A small file, called transaction, is then created by Alice’s wallet application and is published on the network. This file, signed by Alice, contains: (1) the public keys that identify Alice and Bob, (2) the amount of 5 BTC that Alice wishes to transfer and (3) the references to the previous transactions that gave Alice the possession of these 5 BTC (which we will understand the reason for being in a moment). Thanks to the PKI, no one can pretend to be Alice, and any node (= machine) in the bitcoin price today network will be able to verify the authenticity of this transaction. As each transaction refers to the previous ones (see (3)), it is, in fact, the entire chain of possession of bitcoins, which is verifiable.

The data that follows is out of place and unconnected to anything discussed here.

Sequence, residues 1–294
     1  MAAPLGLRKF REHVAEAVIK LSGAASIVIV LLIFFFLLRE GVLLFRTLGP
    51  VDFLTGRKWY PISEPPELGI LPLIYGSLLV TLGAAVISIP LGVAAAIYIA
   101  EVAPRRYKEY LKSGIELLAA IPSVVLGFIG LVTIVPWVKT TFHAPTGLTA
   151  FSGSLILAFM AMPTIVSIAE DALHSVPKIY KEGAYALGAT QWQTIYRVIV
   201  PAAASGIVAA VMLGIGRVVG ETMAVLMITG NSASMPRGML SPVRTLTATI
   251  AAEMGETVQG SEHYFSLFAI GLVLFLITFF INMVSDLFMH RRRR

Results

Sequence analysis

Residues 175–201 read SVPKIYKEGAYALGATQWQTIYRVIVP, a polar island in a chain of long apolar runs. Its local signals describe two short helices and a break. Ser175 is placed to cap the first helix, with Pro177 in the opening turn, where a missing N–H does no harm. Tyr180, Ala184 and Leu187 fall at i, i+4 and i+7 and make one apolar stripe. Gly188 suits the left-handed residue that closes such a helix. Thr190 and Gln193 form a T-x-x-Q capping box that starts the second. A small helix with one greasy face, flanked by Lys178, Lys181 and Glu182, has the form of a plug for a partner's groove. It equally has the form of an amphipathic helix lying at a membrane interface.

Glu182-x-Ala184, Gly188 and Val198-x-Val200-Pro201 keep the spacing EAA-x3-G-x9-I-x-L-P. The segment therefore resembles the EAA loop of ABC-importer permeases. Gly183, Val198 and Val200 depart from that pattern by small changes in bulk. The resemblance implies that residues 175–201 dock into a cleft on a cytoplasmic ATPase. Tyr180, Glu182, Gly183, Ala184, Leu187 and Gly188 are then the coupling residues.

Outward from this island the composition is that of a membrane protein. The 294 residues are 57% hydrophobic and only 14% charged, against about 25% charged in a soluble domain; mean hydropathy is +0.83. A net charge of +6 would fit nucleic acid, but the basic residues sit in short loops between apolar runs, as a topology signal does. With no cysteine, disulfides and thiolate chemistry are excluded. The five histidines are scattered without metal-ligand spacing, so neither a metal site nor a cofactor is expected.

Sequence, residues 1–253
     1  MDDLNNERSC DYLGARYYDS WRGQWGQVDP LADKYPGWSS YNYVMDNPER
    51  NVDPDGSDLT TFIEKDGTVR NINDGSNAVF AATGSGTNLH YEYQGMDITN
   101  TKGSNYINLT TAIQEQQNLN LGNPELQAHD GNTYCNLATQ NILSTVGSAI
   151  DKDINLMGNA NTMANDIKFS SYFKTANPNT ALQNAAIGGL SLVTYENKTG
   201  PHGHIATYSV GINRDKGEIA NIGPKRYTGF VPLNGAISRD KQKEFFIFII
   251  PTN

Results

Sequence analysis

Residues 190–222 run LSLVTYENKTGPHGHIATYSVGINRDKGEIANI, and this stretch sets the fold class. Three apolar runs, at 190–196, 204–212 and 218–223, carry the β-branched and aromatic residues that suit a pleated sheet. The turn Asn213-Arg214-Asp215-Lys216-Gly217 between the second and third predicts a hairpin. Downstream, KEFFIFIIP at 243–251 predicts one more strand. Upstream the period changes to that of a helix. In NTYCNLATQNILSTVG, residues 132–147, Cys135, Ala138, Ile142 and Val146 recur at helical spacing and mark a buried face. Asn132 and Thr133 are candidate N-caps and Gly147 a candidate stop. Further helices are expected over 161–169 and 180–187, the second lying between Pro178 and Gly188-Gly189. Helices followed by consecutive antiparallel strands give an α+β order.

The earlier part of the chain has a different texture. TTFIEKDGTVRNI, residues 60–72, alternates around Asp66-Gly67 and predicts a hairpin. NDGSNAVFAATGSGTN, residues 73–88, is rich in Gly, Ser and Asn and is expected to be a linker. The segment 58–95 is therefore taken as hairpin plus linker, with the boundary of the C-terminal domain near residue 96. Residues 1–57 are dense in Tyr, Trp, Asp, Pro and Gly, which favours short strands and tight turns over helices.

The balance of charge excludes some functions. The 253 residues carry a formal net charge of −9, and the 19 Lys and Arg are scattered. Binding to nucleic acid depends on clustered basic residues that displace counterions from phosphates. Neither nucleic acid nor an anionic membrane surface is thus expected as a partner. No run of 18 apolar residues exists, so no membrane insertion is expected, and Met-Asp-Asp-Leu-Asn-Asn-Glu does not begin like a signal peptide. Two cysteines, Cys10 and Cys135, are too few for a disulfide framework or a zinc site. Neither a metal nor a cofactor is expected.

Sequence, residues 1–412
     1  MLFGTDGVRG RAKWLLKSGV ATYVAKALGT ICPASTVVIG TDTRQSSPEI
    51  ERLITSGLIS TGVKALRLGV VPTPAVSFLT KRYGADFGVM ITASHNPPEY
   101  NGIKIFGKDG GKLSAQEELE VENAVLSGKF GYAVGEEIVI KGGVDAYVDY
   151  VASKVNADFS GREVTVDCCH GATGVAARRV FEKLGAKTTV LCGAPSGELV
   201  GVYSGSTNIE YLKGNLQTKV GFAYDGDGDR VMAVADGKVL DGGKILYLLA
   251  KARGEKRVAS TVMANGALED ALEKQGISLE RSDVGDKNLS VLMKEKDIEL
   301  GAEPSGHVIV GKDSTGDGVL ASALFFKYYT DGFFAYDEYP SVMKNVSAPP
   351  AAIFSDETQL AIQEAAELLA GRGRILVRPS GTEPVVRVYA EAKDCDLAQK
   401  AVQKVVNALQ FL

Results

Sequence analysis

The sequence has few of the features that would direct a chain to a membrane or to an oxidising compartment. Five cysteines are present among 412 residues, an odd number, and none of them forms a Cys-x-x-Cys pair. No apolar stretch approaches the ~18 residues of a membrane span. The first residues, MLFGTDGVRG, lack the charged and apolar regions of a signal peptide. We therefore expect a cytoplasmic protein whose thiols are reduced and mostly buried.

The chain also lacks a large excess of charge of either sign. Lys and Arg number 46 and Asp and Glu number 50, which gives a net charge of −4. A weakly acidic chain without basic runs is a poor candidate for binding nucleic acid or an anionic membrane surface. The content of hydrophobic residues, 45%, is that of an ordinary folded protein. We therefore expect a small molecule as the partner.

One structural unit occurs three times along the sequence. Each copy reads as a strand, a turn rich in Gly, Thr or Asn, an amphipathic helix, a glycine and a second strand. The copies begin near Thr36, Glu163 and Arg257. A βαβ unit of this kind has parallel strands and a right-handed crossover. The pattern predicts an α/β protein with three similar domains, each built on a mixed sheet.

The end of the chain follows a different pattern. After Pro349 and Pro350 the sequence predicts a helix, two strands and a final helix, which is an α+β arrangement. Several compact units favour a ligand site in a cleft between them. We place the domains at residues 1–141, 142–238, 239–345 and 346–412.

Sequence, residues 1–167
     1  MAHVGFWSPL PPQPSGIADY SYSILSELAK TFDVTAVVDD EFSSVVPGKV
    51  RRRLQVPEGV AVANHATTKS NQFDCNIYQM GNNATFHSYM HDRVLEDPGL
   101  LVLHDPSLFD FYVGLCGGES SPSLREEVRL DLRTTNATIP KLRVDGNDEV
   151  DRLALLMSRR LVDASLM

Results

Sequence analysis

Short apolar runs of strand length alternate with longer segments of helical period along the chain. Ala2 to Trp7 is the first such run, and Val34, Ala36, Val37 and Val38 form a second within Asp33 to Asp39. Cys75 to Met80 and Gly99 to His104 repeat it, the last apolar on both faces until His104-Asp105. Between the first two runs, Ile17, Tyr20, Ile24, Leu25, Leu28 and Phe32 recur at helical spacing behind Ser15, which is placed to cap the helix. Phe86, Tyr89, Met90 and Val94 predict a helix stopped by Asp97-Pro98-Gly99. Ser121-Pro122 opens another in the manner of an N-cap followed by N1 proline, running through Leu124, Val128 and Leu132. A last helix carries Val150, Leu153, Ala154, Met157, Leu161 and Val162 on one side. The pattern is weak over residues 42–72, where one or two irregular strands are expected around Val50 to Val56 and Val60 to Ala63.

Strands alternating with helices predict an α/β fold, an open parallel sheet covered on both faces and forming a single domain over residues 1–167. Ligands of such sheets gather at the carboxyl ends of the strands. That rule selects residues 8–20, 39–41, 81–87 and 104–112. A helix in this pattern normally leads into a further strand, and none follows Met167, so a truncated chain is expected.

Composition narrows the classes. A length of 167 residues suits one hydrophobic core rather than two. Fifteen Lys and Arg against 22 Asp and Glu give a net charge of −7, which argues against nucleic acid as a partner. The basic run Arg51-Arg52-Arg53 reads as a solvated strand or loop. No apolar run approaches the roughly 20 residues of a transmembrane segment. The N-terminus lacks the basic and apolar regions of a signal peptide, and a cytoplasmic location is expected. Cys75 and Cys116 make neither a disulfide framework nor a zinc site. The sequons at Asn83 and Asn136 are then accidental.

In reality, Bitcoin does not have an account book
Alice’s balance, for example, is not written anywhere but can be calculated from the chain of all transactions since the system was created, of which each node has a regularly updated copy. There remains the thorniest point: how to prevent Alice from being able to fraudulently send these same 5 BTCs to someone else after having already sent them to Bob? In a traditional banking system, such verification is easy because the central system defines a chronology, which makes it possible to establish the precedence of one transaction over another. In a P2P network like bitcoin price today on the other hand, the latency of the network prevents such verification.